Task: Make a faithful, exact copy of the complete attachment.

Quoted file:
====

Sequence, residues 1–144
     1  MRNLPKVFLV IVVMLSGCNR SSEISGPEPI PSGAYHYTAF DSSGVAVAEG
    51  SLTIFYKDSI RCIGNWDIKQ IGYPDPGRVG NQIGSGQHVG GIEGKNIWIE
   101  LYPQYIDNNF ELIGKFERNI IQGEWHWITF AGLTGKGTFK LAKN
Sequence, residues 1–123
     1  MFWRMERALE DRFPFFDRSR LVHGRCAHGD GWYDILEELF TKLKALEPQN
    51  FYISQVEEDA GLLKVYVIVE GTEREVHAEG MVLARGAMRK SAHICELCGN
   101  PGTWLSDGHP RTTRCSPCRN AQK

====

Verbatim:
Sequence, residues 1–144
     1  MRNLPKVFLV IVVMLSGCNR SSEISGPEPI PSGAYHYTAF DSSGVAVAEG
    51  SLTIFYKDSI RCIGNWDIKQ IGYPDPGRVG NQIGSGQHVG GIEGKNIWIE
   101  LYPQYIDNNF ELIGKFERNI IQGEWHWITF AGLTGKGTFK LAKN
Sequence, residues 1–123
     1  MFWRMERALE DRFPFFDRSR LVHGRCAHGD GWYDILEELF TKLKALEPQN
    51  FYISQVEEDA GLLKVYVIVE GTEREVHAEG MVLARGAMRK SAHICELCGN
   101  PGTWLSDGHP RTTRCSPCRN AQK